The European Union is going to be awarded the Nobel Peace Prize this year. This has been noticed by many a commentator - some argue it's a great, others consider it an error. In a sense this prize shows that the project of guaranteeing peace in Europe has succeeded. But the EU of today looks very different from the EEC that was created through the Treaty of Rome in 1957 - the challenges Europe is currently facing are not related to the maintenance of peace among European countries. I'd rather argue that the democratic deficit and lack of transparency are some of the key issues that must be solved if the EU is going to be successful in the future. The relation between EU institutions, national governments (the nation-state) and people is diffuse at best. As one Finnish writer noted, the European Union has achieved much, but in one essential aspect the EU has failed: to create a common voice and a shared identity. Without a shared identity there is a risk that the Union will lose whatever legitimacy it is enjoying among its citizens.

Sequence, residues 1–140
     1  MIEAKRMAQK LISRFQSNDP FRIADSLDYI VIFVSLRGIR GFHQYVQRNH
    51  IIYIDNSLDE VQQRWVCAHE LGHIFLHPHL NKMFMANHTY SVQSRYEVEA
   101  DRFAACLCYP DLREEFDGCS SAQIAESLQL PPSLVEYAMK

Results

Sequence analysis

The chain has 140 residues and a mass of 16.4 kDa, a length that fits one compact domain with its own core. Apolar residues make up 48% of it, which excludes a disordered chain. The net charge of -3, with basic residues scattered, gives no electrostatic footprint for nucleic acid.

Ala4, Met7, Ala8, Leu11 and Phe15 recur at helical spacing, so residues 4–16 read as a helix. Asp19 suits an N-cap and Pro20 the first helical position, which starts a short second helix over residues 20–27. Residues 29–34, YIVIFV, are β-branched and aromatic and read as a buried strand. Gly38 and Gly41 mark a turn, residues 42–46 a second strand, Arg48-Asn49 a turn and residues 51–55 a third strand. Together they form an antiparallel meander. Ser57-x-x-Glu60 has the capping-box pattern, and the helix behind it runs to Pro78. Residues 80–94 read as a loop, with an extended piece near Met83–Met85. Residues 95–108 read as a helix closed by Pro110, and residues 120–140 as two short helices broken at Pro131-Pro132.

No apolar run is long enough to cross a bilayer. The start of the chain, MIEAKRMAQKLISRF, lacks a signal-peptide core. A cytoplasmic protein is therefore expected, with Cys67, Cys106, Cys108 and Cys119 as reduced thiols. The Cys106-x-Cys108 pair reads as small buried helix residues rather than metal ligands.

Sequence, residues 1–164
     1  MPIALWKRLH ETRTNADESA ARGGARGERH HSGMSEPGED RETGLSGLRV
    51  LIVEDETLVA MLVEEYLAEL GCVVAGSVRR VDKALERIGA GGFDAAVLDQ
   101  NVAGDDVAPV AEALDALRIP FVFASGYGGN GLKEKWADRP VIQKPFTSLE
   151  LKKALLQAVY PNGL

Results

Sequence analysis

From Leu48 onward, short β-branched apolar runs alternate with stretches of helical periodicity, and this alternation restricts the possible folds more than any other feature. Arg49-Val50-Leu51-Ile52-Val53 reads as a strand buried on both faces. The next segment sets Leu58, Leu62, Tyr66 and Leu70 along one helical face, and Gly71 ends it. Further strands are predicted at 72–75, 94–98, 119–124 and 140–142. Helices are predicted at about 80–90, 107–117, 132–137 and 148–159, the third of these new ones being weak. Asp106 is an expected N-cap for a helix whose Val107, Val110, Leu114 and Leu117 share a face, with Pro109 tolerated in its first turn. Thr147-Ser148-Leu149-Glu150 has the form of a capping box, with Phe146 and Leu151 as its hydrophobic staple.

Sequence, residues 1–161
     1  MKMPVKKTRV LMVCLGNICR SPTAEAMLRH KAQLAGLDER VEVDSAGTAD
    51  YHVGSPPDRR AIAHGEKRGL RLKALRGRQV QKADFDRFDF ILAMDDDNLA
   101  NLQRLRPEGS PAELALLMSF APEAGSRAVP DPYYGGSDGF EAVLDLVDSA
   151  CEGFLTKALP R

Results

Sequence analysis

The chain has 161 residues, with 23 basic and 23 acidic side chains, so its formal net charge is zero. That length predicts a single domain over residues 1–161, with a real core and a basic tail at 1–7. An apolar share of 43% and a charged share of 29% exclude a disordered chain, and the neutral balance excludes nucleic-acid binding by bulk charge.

At a personal level I was once again reminded of how wonderful the Hungarian language is. One would think that in a country where almost 10% of the population consist of ethnic Hungarians, there would be a chance to learn the language.